Shaler Battery was a hilltop earthwork fortification built during the American Civil War in Northern Kentucky by the Union Army to turn back invading Confederate troops. It was constructed to protect Cincinnati and the Ohio River valley. The location of this battery's powder magazine is marked by a bandstand in Evergreen Cemetery in Southgate, Kentucky.
Shaler Battery was one of the 28 artillery batteries that were built on northern Kentucky hilltops from 1861 to 1863 for the Defense of Cincinnati. It was originally a small earthwork fortification on the point of a hill, ringed by rifle pit entrenchments. This smaller battery was removed following the construction of a larger earthwork approximately 50 feet behind (north). This portion of the earthwork remains, as well as part of the earthen ramp and small drainage ditches. The surrounding area is covered with graves and the rifle pits were filled in to form a road which is now paved.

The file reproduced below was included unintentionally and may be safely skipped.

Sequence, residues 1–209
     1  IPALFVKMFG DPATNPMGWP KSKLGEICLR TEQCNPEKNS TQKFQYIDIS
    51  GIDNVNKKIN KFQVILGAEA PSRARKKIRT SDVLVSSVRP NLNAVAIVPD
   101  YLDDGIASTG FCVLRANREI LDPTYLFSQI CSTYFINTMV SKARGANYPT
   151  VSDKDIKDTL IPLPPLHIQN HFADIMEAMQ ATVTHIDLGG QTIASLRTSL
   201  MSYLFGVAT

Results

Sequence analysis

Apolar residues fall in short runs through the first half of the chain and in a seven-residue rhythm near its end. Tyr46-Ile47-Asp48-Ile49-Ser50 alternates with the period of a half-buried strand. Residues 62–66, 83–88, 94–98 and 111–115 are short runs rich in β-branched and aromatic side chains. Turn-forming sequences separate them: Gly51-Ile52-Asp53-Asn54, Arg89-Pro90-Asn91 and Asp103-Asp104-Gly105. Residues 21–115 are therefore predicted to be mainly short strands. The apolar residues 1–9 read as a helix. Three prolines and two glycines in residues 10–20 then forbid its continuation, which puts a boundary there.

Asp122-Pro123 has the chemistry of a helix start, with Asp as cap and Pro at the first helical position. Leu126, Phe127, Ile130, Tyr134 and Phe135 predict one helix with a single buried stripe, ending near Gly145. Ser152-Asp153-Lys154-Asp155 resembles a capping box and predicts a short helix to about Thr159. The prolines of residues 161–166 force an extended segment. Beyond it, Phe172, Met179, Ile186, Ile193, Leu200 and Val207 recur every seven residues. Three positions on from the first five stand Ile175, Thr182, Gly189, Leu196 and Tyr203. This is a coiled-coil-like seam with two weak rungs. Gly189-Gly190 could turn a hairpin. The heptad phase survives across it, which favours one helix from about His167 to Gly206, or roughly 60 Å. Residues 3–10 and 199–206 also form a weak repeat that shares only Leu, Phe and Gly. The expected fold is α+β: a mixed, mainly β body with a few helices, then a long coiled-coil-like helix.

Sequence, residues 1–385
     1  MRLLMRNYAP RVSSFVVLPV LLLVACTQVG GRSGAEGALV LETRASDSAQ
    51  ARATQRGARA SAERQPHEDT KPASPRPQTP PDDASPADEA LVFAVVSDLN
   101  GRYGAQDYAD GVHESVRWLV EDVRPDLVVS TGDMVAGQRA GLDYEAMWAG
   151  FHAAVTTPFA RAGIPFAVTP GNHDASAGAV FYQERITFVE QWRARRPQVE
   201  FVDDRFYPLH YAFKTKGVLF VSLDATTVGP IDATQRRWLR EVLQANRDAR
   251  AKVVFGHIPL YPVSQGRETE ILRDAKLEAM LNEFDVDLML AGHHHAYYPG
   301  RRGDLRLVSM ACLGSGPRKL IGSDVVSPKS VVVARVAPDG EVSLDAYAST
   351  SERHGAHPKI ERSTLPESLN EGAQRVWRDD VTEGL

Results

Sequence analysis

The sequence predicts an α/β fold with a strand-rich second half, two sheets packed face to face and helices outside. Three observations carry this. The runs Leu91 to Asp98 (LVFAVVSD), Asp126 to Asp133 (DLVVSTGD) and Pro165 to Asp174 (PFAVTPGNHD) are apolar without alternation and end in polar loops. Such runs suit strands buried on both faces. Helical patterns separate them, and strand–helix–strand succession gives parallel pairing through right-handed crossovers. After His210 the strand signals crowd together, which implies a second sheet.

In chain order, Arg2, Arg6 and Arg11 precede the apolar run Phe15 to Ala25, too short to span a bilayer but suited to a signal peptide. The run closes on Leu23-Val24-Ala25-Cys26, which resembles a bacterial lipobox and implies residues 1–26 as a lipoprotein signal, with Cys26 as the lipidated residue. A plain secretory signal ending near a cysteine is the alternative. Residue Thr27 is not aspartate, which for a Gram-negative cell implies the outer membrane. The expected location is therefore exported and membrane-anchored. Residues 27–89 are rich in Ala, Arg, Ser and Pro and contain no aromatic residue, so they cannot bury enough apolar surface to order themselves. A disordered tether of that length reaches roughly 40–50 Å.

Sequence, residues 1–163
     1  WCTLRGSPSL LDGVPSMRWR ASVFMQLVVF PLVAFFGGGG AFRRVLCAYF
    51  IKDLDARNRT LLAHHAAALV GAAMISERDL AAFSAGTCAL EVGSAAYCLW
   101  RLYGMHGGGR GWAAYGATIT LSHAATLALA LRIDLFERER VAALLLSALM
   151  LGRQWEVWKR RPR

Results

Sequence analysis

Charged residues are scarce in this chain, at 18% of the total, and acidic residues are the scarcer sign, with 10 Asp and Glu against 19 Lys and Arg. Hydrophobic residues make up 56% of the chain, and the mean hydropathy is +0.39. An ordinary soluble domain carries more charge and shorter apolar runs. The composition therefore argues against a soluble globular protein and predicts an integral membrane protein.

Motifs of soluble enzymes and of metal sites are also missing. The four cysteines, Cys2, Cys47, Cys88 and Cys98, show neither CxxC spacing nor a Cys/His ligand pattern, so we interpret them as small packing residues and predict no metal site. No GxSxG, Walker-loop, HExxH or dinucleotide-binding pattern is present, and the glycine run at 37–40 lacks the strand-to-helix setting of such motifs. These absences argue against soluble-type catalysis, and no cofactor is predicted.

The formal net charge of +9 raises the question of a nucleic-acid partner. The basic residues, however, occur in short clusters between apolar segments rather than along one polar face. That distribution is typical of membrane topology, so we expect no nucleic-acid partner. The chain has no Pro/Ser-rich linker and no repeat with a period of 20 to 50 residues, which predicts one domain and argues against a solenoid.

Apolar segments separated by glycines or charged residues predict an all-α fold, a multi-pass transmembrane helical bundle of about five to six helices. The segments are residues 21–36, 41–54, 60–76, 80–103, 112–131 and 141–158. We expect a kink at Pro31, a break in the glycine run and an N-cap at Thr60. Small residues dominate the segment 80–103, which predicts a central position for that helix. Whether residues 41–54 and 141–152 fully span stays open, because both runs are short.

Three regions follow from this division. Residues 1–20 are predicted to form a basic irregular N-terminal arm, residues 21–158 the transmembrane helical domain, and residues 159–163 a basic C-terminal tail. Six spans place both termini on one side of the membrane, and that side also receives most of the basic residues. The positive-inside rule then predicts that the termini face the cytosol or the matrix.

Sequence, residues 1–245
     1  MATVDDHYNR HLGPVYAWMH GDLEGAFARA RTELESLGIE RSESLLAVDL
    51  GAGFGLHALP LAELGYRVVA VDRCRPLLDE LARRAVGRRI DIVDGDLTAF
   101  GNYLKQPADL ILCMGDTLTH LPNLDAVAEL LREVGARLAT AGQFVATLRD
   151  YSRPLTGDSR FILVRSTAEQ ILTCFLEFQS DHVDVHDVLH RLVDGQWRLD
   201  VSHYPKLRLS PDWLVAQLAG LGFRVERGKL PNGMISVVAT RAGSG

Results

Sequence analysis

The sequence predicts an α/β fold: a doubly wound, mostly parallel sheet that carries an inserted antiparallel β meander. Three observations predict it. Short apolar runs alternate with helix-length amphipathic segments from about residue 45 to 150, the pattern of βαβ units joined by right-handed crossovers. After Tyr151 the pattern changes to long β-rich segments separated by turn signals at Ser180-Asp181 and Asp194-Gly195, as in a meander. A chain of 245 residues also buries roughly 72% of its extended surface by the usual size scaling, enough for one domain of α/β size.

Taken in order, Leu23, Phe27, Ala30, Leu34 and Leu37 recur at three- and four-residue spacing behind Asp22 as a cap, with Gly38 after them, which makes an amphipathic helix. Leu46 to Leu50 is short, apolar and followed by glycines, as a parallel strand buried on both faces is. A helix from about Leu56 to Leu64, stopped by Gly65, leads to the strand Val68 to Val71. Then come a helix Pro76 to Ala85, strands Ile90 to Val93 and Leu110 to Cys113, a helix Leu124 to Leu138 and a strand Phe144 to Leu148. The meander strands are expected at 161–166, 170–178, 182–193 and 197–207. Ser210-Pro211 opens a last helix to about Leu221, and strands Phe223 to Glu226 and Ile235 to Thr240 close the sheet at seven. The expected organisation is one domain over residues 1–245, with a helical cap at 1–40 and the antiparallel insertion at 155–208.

The battery was named for Dr. Nathaniel Burger Shaler, a prominent Newport, Kentucky physician, who offered his family's hilltop vineyard (which was adjacent to the cemetery and would eventually be purchased from the family estate as an addition to Evergreen) as a site for the battery.
Cincinnati, a Guide to the Queen City and Its Neighbors, American Guide Series, The Weisen-Hart Press, May 1943, page 539
Walden, Geoffrey R. "Panic on the Ohio!: Confederates March on Cincinnati, September 1862 - IV. The Defenses of Cincinnati" Blue & Gray Magazine Vol. 3, No. 5 (April–May 1986), pp. 19–29.